Terres de l’Ebre, located in the south of Catalonia, is one of the most important historical memory spaces in Spain. There the battle of the Ebro took place during the Spanish Civil War in 1938. This was the longest and the one that caused the most casualties. It was also one of the most decisive. The contest ended in April 1939 with the subsequent establishment of the Franco dictatorship for more than four decades.
Sixty years later the Center for Studies of the Battle of the Ebro (CEBE) was inaugurated in Gandesa, a museum promoted by a group of researchers and private collectors. Shortly after, between 2005 and 2011, the Ebro Battle Spaces Memorial Consortium (COMEBE), within the framework of action of the Democratic Memorial of the Generalitat de Catalunya, progressively opened five interpretation centers. As Teresa Ferré, former director of COMEBE, stated, “the institutions are behind the demands of society”. Thus, it has been “civil society and associations who have promoted the need to recover memory.”
Among these citizen initiatives, which give way to the demands for the recovery of recent memory, we highlight two: Terra Enllà, a service company and travel agency specialized in memory tourism, founded in 2014 in Tortosa by Maite Hernández, an anthropologist, and Andreu Caralt, historian and journalist, and the Frisach family winery that offers wine tourism experiences to complement its economic activity.
The differentiating characteristic of Terra Enllà’s work is that they are especially concerned with “the rigor of the historical event and the appreciation of this memory”, according to Maite Hernández. On the other hand, Andreu Caralt assures that “the company label does not fit what we do”, since his involvement with visits, other associations and relatives of former combatants, goes beyond a commercial interaction.
The wine tasting takes place at Cota 402, the former command post of the Republican 35th International Division
One of the difficulties that the Terra Enllà team increasingly faces is how to be attractive to younger people. Caralt points out that, in general terms, “today’s generations have lost their emotional bond.” For this reason, they included a kayak route in their catalog, in order to attract the attention of families with children and young people. In addition to raising awareness about the environmental problem in the Ebro river.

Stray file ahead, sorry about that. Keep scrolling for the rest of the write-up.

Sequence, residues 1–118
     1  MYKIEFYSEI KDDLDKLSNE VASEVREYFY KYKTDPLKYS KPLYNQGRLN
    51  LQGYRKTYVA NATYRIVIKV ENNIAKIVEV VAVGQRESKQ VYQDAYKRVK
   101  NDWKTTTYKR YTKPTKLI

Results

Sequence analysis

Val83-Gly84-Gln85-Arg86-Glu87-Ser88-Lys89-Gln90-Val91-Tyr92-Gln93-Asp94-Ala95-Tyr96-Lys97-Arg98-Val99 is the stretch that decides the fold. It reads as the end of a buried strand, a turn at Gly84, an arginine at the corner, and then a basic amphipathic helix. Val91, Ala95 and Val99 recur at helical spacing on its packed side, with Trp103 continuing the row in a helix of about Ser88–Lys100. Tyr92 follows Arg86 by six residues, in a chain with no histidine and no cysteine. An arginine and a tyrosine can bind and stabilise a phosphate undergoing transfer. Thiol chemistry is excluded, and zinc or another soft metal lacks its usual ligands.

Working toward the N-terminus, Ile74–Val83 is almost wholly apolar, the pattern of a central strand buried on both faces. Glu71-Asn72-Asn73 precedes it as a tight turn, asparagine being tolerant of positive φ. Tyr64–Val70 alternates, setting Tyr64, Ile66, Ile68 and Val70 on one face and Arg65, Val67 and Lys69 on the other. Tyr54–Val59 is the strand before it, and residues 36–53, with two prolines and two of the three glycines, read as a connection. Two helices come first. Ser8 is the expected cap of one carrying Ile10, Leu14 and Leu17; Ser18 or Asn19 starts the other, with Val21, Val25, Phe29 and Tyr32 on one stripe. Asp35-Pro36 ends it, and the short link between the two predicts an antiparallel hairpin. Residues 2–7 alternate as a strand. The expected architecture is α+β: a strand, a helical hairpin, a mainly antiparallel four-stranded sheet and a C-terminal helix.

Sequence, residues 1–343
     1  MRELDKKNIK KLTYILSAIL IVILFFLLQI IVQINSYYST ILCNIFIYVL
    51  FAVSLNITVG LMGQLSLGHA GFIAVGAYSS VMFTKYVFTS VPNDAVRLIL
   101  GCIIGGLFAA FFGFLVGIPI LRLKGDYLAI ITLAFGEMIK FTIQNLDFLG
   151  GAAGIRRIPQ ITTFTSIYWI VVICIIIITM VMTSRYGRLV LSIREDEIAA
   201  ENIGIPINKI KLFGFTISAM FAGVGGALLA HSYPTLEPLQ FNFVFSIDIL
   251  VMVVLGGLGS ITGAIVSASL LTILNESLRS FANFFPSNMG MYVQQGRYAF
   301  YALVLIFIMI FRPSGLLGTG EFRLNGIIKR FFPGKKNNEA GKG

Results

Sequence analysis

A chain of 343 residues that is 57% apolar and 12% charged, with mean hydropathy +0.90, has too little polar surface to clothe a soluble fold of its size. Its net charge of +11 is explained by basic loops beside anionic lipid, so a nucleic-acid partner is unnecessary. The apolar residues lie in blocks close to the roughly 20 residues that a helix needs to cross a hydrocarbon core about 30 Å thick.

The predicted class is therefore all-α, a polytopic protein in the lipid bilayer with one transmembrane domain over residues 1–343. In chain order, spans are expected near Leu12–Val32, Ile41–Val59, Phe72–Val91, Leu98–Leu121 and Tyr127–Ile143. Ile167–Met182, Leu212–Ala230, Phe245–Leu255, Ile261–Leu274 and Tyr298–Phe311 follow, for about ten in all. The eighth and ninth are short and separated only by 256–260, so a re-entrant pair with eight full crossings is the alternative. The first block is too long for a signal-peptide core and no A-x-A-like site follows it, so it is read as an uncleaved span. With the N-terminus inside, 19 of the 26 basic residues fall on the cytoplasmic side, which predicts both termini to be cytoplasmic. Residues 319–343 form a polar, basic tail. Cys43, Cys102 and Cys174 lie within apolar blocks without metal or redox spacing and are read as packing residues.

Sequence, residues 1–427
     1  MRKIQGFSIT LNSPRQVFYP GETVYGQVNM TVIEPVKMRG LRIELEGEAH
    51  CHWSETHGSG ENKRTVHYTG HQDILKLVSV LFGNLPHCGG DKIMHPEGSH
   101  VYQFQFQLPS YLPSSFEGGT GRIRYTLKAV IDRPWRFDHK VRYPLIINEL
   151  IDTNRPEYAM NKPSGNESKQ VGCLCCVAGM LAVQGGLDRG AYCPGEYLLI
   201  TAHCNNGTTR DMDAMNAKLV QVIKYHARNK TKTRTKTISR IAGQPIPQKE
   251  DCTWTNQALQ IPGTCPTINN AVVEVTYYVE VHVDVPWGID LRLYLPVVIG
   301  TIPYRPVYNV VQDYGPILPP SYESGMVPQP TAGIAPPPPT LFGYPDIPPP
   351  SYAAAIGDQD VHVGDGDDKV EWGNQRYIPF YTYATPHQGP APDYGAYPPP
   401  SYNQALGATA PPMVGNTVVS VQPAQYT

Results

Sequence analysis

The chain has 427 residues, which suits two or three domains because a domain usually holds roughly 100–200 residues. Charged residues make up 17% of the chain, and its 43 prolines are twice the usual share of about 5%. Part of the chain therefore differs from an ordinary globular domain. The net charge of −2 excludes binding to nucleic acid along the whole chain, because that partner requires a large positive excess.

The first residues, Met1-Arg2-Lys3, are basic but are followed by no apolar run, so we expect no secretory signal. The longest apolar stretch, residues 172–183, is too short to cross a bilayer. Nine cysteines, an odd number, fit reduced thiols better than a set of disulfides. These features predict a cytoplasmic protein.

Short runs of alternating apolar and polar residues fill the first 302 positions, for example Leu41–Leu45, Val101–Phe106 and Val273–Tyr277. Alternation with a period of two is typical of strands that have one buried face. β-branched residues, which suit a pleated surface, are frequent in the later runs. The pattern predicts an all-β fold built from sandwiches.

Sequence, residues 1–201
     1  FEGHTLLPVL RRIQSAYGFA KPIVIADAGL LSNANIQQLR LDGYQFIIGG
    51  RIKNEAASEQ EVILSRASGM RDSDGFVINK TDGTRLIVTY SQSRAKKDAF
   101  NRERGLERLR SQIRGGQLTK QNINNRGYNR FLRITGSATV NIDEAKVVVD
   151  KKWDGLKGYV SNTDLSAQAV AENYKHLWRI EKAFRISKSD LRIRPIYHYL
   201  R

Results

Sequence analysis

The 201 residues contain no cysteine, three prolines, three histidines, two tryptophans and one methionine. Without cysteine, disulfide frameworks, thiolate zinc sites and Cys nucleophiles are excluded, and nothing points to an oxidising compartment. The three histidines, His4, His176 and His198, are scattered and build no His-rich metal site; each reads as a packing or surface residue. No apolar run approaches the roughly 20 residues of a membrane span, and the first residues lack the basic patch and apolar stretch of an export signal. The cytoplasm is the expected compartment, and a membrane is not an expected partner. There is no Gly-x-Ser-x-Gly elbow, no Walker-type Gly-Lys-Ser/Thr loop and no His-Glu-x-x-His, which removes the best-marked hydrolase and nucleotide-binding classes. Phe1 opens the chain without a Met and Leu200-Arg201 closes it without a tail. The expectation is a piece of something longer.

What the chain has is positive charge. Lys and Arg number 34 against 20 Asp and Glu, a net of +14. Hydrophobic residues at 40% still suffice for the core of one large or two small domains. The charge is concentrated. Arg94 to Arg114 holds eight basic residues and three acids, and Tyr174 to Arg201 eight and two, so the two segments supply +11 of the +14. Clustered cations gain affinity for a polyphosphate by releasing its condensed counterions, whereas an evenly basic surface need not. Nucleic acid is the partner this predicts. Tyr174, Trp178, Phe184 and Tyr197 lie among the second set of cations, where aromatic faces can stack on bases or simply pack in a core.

On the other hand, they also fuse history with gastronomy. In the first place, they have the route El Secreto de los Brigadistas, in collaboration with the Miravall restaurant, where the diet of the soldiers and the civilian population in 1938 is taken into account. Secondly, in collaboration with the Frisach winery they offer the route Wines in the trench. Caralt, vindicates the presence and importance of wine during the Battle of the Ebro, and how this “fits perfectly with the story and the landscape” of those days of conflict.
The setting in which this union with wine takes place is Corbera d’Ebre, where the war marked “a before and after”. Once the armed conflict was over, Poble Vell (old town) was abandoned and a new one was built just past the road.
The tasting takes place at Cota 402, the former command post of the Republican 35th International Division. A space recovered and converted into a place that has been preserved for 12 years by the Associació Cota 402. In the words of Francesc Frisach it is “one of the emblematic points of the Battle of the Ebro”. On this journey between the trenches “part of the international brigades were located”, and it was the scene of one of the greatest contrasts of the battle: “In the same trenches you had the international brigade, who came to fight for his ideals and, together with he, a kid from the fifth of the bottle, “he says. Experts insist that the speech must be made from a very careful and historical perspective, without misrepresenting the conflict.
Despite the difficulties in dealing with the facts in a respectful way and without trivializing them, the work done by these associations and companies is essential so as not to forget. Even more so in the Spanish context, where there are still crimes of the dictatorship to be solved and until relatively recently the Public Administrations opted for the “vote of silence”.
Thus, it is the civil society’s own initiatives that have paved the way to better understand and understand how central episodes of a traumatic war were experienced. Presenting them as part of experiences and in particular among a local audience, helps many more people to access them. The key is probably in the ability to balance historical rigor and veracity with attractive proposals. Local tourism is a good option for this pairing.
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